• Prognosis
        • Potential treatments
        • Outcomes
      • In this way, the interaction itself may be therapeutic
    • Encourage new perspectives
      • Giving patients information and helping them to gain an improved understanding of the situation they face may help them to develop different perspectives on their:
        • Perceptions
        • Expectations
        • Needs
        • Fears and fantasies about illness and death
    • Help establish/re-establish patient's sense of self-worth and meaning
      • Discuss short-term goals
      • Identify and reinforce the patient’s previously demonstrated:
        • Strengths
        • Successful coping techniques
    • Introduce new coping techniques
      • Inform patients about techniques such as:
        • Relaxation
        • Meditation
        • Guided imagery
        • Self-hypnosis
      • Educate the patient and family members about modifiable factors that contribute to anxiety and depression


    Pharmacological Management of Depression

    General Considerations in the Pharmacologic Treatment of Depression

    • The time available for treatment will strongly influence the choice of medication for initial therapy
      • When reversal of depression is an immediate short-term goal, a rapid-acting psychostimulant is the best choice
      • If a response in 2 to 4 weeks is acceptable, an atypical antidepressant or SSRI may be an appropriate choice
    • With all antidepressant medications, dosing should "start low and go slow"
      • Titrate the dose to effect and tolerability
      • Warn patients about possible adverse effects and assure them that these will usually ameliorate within a few days
    • If patients are not responding as expected, seek consultation with an experienced colleague, such as a psychiatrist



    • Basic Information and Examples of Drugs in this Class
      • The psychostimulants are often underappreciated for their antidepressant qualities

      • Drugs in this class include:

        • Methylphenidate
          • Usually started at 5 mg in the morning and at noon, and then titrated to effect

          • An extended-release formulation taken once in the morning may improve tolerability

        • Dextroamphetamine
        • Dextroamphetamine
    • Advantages of Psychostimulants
      • Act quickly (within days). Some patients report increased energy and an improved sense of well-being within 24 hours

      • Produce minimal adverse effects

      • Can be used alone or in combination with other antidepressants

      • May be continued indefinitely as their antidepressant effect persists over time

      • Tolerance to the antidepressant effect does not appear to develop

      • May also be used to diminish opioid-induced sedation

      • Their potential as adjuvant analgesics has been reported
    • Disadvantages of Psychostimulants

      • May produce:
        • Tremulousness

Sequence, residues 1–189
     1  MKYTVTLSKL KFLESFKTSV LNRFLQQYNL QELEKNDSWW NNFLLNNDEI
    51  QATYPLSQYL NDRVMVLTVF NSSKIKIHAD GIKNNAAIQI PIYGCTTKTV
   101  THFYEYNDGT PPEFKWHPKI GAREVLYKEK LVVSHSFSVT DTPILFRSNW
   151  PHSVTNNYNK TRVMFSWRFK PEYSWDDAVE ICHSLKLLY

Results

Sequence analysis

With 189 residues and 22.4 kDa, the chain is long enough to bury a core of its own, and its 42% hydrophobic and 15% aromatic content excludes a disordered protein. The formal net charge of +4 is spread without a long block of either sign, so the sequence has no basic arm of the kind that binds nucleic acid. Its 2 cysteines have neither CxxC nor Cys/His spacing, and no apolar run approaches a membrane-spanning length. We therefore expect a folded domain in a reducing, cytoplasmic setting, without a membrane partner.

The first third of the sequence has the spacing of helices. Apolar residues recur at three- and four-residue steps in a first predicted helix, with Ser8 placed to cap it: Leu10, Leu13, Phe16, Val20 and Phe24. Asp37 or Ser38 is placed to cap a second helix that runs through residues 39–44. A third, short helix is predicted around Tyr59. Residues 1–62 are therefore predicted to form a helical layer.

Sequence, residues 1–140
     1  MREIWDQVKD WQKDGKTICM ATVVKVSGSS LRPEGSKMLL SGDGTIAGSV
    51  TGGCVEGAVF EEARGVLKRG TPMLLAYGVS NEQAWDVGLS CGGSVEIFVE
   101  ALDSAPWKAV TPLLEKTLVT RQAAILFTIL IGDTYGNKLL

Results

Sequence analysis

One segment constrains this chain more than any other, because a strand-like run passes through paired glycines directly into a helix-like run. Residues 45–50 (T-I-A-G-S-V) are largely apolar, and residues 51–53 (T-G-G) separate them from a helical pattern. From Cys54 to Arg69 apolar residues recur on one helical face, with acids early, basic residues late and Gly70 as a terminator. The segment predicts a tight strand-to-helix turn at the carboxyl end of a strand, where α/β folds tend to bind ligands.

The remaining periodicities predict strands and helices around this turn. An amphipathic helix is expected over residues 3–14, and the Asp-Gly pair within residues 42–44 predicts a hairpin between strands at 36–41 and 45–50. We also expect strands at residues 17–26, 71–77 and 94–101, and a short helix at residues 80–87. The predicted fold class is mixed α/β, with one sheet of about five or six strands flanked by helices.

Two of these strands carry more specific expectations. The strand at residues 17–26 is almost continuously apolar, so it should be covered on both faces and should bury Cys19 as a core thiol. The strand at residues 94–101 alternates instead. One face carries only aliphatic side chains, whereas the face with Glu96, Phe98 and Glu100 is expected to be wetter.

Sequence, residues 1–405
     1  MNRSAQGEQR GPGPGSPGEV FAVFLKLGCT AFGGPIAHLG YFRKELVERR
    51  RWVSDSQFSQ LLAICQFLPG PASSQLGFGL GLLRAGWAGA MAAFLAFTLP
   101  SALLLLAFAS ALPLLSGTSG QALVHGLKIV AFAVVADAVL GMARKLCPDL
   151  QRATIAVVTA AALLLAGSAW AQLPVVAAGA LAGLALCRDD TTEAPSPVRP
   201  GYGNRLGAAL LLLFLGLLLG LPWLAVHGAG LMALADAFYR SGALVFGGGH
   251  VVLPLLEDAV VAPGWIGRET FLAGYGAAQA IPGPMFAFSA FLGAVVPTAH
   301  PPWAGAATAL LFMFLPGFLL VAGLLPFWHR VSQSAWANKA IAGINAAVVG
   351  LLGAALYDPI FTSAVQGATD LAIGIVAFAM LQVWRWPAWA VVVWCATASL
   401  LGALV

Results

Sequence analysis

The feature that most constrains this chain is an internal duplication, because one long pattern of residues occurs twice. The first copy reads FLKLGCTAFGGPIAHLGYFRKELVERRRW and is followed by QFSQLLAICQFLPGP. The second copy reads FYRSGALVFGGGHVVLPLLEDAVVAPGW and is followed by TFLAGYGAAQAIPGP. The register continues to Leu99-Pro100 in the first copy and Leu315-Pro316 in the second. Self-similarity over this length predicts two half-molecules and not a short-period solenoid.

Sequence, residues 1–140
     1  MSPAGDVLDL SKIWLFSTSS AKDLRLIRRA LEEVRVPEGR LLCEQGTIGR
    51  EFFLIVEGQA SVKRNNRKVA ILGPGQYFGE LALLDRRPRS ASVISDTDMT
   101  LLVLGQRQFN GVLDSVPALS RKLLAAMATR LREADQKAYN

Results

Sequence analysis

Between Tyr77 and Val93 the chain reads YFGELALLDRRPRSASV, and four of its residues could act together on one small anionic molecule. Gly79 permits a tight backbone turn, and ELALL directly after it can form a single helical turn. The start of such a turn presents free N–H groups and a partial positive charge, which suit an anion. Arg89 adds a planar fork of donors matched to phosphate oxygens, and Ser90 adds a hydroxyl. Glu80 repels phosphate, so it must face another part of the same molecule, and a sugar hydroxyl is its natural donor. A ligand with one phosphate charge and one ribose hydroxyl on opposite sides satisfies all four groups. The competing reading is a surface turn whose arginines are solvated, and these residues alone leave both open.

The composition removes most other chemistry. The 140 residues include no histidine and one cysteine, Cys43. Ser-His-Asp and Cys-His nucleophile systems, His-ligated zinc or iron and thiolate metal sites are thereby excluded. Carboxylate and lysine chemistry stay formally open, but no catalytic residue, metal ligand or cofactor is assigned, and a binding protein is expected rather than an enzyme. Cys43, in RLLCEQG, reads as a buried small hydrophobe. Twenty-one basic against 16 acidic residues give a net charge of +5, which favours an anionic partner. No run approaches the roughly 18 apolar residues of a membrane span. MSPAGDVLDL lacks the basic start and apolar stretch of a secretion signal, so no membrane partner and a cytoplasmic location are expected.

• Anxiety
        • Anorexia
        • Insomnia

      • These adverse effects should be monitored

      • If discontinued, psychostimulants should be tapered off slowly


    Selective Serotonin Reuptake Inhibitors

    • Examples of Drugs in this Class
      • fluoxetine
      • paroxetine
      • sertraline
      • citalopram
    • Advantages of SSRIs
      • Highly effective (70% of patients report a significant response)
      • Low doses may be sufficient in advanced illness
      • Once-daily dosing is possible
      • Cause less constipation, sedation, and dry mouth than the tricyclic antidepressants
    • Disadvantages of SSRIs
      • Latency (require 2-4 weeks to take effect)
      • Nausea may be worse than with tricyclics


    Tricyclic Antidepressants

    • Examples of Drugs in this Class
      • amitriptyline
      • clomipramine
      • desipramine
      • doxepin
      • imipramine
      • nortriptyline
      • protriptyline
      • trimipramine
    • Issues to Consider before Using Tricyclics
      • Not recommended as first first-line therapy to manage depression unless they are being used as adjuvants to control neuropathic pain
      • Titration to achieve an adequate dosage may take 3 to 6 weeks, delaying the onset of therapeutic action
      • Anticholinergic adverse effects (e.g., dry mouth, constipation, orthostatic hypotension, blurred vision, urinary retention, delirium) and cardiac conduction delays (proarrhythmic) are all seen with some frequency
      • If a tricyclic antidepressant is to be used, the secondary amines nortriptyline and desipramine are preferable as they tend to have fewer side effects


    Atypical Antidepressants

    • This diverse group of older and newer medication is growing quickly
    • Examples include:
      • mirtazapine
      • bupropion
      • nefazodone
      • trazodone
      • venlafaxine
    • Their precise role in patients with advanced disease is being studied


    Non-Pharmacologic Management

    • Although this module focuses on equipping physicians with the medical knowledge, attitudes, and skills to manage depression, this does not exclude the role of non-pharmacological management of depression
    • Use appropriate colleagues and team members to help address the emotional and spiritual issues that overlap and influence clinical depression
    • Complementary and alternative methods may be useful adjuncts for some patients. It is beyond the scope of this module to discuss these in detail